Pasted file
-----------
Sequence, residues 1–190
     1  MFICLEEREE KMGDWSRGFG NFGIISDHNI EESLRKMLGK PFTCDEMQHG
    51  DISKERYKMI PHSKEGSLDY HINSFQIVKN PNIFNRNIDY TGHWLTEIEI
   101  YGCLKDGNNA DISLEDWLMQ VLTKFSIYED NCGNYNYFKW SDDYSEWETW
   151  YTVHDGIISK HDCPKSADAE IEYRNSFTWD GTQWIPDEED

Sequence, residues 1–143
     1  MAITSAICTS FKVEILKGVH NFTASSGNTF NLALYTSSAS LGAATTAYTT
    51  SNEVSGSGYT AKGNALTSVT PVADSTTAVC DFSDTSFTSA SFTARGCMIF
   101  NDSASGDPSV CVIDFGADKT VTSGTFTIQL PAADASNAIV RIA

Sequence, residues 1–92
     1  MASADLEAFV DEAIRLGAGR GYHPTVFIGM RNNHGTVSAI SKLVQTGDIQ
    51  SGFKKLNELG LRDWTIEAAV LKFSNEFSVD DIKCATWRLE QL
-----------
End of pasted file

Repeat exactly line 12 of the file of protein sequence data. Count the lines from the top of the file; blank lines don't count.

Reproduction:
    51  SGFKKLNELG LRDWTIEAAV LKFSNEFSVD DIKCATWRLE QL